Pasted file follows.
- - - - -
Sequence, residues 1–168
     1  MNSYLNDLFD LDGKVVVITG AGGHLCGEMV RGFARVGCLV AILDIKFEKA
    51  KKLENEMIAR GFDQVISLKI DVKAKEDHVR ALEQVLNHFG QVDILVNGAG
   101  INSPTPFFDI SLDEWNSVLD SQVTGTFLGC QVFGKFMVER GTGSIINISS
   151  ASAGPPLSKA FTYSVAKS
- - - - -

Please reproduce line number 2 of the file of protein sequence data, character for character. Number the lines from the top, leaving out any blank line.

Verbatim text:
     1  MNSYLNDLFD LDGKVVVITG AGGHLCGEMV RGFARVGCLV AILDIKFEKA